As Taylor Swift said, “Haters gonna hate.” The best response is to “shake it off” with more speech. Talking back to hate can empower individuals and communities.
Censorship doesn’t always stop discrimination or violence. Agnes Callamard, Director of Columbia Global Freedom of Expression, recently noted that European countries “are ravaged by increasing. . . inequality,” as well as “rising . . . violence and hate” against immigrants, Roma, and Jews, despite their strict hate speech laws.
Censorship doesn’t always stamp out hateful ideas, but can drive them underground or incentivize hatemongers to sugarcoat them, making them harder to refute.
Censorship can turn haters into free speech martyrs, who might receive added attention and even sympathy, while those who seek to silence them could forfeit the moral high ground. That’s why hateful speakers often welcome censorship efforts. The Nazis, were prosecuted under Germany’s hate speech laws in the 1920s and 1930s, and it’s also true for hateful provocateurs today.
One person’s hate speech is someone else’s cherished speech. In 2016, a French LGBT activist was fined 2,300 Euros for labelling the president of a “traditional family values” organization a “homophobe.” Last year, two British street preachers were convicted for preaching from the Bible.. In the US, some politicians have denounced Black Lives Matter advocacy as hate speech, whereas others denounce “All Lives Matter” as hate speech.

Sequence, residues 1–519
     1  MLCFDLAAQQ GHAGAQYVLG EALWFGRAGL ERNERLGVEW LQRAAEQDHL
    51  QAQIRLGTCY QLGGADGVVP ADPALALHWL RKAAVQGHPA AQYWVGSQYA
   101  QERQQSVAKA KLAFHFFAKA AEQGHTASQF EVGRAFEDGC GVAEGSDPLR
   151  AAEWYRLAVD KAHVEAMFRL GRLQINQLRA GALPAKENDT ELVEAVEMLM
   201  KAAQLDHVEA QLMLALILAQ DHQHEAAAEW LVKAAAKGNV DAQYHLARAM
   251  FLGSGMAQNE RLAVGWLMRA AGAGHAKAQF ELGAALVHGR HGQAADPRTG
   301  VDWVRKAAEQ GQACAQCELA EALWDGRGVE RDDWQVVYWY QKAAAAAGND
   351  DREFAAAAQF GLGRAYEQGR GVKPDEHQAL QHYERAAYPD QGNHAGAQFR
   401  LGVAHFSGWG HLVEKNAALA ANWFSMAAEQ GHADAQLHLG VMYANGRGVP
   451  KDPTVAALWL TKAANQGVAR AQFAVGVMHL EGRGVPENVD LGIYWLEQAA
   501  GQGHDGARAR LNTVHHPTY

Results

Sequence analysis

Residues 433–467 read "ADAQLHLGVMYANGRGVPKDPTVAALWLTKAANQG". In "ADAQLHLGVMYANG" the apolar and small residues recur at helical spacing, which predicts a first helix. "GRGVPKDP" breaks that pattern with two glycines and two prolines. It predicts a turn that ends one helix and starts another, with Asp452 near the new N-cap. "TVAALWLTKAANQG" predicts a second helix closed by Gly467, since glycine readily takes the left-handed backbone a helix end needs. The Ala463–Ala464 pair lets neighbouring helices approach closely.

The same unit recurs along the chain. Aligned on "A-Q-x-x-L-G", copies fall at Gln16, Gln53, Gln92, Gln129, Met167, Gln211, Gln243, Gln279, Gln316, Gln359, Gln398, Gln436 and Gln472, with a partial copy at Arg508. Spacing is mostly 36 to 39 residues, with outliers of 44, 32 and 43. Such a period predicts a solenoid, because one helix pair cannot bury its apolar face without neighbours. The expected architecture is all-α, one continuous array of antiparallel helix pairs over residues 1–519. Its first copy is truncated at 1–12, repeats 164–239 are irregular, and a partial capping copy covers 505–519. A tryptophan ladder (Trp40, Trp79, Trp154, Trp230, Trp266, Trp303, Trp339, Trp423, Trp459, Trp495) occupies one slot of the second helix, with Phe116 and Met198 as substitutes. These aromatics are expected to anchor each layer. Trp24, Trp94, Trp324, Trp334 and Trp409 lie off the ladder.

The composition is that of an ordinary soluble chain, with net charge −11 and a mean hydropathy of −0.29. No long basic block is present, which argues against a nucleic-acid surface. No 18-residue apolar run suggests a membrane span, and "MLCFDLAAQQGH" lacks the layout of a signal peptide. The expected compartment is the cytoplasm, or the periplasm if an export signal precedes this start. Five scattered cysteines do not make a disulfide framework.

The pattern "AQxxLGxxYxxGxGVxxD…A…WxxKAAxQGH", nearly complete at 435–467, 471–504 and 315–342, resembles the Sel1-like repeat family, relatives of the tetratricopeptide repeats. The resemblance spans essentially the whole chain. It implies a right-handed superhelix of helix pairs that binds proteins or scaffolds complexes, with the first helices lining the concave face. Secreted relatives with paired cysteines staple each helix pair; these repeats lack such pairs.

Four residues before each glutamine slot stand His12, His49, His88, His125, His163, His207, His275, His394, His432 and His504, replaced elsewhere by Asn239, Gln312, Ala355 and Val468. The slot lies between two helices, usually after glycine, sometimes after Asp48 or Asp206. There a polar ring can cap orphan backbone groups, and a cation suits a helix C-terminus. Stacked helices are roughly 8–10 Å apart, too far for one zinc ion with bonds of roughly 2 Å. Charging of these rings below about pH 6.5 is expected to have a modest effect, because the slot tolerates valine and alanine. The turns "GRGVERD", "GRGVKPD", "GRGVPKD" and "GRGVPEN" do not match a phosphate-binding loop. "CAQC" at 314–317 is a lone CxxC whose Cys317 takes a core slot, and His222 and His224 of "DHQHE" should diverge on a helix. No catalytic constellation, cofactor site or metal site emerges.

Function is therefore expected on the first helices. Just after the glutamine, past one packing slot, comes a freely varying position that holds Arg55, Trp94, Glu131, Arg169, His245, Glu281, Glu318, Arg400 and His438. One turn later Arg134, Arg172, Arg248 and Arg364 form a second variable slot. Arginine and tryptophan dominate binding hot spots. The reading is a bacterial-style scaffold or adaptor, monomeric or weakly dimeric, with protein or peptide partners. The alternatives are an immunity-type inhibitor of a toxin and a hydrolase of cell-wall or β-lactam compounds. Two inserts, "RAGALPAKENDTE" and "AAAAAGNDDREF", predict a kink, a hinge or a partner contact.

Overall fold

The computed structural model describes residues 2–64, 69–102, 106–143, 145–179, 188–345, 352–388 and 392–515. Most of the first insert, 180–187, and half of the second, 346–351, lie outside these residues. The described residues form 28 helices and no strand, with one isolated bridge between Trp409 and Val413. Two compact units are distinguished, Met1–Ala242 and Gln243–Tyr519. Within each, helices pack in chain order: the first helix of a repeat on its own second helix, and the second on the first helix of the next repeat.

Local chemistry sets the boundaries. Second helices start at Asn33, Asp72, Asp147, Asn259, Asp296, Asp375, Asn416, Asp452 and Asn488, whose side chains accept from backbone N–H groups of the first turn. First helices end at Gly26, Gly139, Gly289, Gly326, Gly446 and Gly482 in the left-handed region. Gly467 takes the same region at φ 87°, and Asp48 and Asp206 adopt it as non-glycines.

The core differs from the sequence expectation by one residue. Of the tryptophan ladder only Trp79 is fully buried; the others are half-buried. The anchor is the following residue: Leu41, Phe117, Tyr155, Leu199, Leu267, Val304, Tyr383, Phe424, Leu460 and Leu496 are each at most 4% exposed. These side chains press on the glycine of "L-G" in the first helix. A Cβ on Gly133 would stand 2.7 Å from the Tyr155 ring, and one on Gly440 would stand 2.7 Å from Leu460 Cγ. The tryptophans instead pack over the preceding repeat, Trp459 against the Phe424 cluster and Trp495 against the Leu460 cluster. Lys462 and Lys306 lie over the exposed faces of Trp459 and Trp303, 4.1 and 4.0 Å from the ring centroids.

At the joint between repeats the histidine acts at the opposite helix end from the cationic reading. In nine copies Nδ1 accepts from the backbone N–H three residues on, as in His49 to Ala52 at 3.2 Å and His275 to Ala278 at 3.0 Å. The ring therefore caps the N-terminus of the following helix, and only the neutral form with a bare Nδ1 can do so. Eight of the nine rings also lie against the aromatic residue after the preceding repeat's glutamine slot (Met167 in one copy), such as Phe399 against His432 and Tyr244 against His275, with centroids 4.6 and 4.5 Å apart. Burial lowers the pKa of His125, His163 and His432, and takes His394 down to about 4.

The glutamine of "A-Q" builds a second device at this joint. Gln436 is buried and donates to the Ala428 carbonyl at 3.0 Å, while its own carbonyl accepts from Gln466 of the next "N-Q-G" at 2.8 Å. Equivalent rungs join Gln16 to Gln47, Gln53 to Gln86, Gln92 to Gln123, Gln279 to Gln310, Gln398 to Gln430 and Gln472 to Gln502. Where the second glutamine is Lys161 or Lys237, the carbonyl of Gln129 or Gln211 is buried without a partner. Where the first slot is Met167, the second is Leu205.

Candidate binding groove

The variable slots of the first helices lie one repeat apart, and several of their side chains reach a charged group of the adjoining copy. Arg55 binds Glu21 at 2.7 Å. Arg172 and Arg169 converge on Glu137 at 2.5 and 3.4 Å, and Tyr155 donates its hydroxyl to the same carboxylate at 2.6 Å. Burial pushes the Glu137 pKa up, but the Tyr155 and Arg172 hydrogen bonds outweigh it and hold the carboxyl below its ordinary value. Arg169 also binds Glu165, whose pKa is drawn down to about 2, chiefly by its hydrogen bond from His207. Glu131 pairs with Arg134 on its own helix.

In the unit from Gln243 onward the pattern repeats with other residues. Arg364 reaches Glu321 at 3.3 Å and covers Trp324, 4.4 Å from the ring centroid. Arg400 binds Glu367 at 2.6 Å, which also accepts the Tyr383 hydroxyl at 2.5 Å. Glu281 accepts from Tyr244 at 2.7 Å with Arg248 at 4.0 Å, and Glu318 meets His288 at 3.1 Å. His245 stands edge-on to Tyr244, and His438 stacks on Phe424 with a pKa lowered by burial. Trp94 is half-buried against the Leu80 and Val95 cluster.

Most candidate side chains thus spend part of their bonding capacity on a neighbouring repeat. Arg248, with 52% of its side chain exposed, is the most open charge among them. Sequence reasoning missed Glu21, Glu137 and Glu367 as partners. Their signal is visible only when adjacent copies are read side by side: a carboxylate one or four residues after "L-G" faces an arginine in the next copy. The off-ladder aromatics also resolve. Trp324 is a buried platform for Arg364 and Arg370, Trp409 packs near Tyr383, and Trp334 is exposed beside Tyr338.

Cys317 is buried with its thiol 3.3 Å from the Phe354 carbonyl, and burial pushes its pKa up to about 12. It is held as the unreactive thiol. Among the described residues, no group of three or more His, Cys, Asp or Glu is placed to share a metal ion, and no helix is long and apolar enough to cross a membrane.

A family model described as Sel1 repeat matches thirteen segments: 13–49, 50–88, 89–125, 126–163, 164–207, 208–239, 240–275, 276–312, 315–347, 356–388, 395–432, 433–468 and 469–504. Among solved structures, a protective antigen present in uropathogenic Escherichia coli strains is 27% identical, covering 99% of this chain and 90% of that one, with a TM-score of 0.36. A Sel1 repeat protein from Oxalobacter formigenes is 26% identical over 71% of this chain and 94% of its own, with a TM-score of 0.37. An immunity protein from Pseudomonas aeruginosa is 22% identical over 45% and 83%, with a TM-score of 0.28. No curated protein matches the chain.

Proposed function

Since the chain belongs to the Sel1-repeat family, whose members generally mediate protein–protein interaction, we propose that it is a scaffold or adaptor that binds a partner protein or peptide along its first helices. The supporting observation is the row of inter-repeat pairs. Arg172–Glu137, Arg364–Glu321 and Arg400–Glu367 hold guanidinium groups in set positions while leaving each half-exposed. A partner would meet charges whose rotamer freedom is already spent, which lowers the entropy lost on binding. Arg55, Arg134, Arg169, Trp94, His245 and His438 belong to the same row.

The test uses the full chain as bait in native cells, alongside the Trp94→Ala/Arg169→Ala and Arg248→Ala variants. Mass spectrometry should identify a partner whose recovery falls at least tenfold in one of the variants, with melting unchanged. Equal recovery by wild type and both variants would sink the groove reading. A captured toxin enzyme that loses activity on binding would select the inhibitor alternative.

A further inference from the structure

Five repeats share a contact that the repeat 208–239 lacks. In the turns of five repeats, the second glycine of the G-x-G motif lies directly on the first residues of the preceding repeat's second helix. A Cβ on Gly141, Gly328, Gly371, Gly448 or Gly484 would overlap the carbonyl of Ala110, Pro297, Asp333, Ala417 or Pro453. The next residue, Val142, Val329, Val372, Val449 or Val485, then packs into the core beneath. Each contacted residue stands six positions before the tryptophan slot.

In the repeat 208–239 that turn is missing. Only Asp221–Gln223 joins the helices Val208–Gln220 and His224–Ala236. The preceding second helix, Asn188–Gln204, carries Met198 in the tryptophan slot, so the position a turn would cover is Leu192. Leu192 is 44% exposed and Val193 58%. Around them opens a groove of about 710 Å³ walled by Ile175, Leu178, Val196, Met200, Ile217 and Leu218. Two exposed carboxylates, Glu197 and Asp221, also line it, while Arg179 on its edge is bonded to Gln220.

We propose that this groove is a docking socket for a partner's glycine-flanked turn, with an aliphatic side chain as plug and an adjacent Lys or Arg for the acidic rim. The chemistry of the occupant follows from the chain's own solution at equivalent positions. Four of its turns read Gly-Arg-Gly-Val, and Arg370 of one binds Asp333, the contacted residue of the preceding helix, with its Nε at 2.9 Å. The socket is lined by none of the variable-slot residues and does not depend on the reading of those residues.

Hate speech laws can be disproportionately enforced against minority groups they were meant to protect. This is not surprising, given the often inherent vagueness of these laws, therefore vesting sweeping discretion in enforcing authorities. Predictably, this discretion tends to favor powerful individuals and groups, not marginalized ones. A recent review of such laws in six EU countries by Article 19, the British-based free speech organization, concluded that they are “open to political abuse, including against precisely those minority groups that the laws should protect.”
As the old saying goes, “Sunlight is the best disinfectant.” Exposing and challenging hateful ideas is one of the best ways to defuse their damaging potential.
Hate speech laws would have silenced Martin Luther King, Jr. and other U.S. civil rights leaders. Their views were seen by some as dangerous and hateful. Likewise, advocates of racial and social justice today complain that their social media posts are too often suppressed as hate speech. That’s potentially why so many civil rights leaders have opposed hate speech laws.
We can handle it! Encountering unwelcome ideas, including those that are hateful and discriminatory, is essential for honing our abilities to analyze, criticize, and refute them. That’s why Barack Obama and other minority group leaders and activists have urged students who seek social change to engage with their ideological opponents, rather than trying to silence them.
As Nelson Mandela famously said, “No one is born hating another person…If people can be taught to hate, they can also be taught to love.” Groups like Life After Hate are proof that people can change. If we treat hateful speakers like criminals, we lose the chance to win them over.